, Volume 25, Issue 2, pp 347-358
Date: 21 Nov 2009

Effects of environmental gradients on the performances of four dominant plants in a Chinese saltmarsh: implications for plant zonation

Rent the article at a discount

Rent now

* Final gross prices may vary according to local VAT.

Get Access

Abstract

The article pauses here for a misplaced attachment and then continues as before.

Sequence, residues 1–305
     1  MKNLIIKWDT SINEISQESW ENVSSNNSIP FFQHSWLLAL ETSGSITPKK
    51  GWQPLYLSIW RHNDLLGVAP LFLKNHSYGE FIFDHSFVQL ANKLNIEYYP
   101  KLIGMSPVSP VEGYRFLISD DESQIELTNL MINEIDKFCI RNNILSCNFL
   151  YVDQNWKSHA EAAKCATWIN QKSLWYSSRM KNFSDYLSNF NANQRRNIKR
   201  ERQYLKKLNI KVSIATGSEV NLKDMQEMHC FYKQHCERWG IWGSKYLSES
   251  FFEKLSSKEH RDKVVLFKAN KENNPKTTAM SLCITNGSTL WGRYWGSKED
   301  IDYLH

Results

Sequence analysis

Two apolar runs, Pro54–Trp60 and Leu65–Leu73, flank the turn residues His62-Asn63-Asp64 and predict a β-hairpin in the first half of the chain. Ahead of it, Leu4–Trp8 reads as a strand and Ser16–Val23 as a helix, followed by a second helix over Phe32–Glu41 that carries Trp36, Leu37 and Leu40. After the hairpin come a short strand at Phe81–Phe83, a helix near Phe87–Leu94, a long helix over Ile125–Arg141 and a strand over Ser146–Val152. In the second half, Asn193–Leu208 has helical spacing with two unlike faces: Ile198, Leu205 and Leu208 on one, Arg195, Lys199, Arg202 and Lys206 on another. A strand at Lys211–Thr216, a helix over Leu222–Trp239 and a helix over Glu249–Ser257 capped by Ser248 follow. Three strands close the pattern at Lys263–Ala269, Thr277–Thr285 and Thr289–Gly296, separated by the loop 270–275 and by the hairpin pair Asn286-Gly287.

Physical conditions and biotic interactions are believed to be the determinants of plant zonation in saltmarshes. However, in rapidly developing estuarine marshes, succession is regarded as the primary process responsible for plant zonation and it is controlled mainly by environmental factors. Salinity and inundation are two important factors responsible for the distribution pattern of dominant plants in coastal saltmarshes. Here we conducted a common garden experiment as well as a field transplanting to examine the responses of four dominant saltmarsh plants (native Scirpus mariqueter, Scirpus triqueter and Phragmites australis, and exotic Spartina alterniflora) in the Yangtze River estuary to environmental gradients, which may help us understand their current and potential zonation. The results showed that Scirpus adapted to freshwater and less inundated habitats, Phragmites performed well in brackish or freshwater environments with less inundation, and Spartina tolerated the highest salinity and deepest inundation. In the harshest environments (the highest salinity and water level), only Spartina performed well. In the mild environments, however, there were only minor differences in the performances among the four species. The potential ranges of Phragmites and Spartina were predicted to be larger than their current ones, and their lower boundaries might be set by tidal scour rather than edaphic factors. With the saltmarsh succession, invasive Spartina in the Yangtze River estuary might ultimately replace Scirpus, and alter the zonal patterns of native saltmarsh plants, which will lead to severe ecosystem consequences. Thus, proper management measures (e.g., repeated mowing) need to be implemented to control this invasive exotic plant, and restore the vulnerable ecosystems invaded by Spartina in the Yangtze River estuary.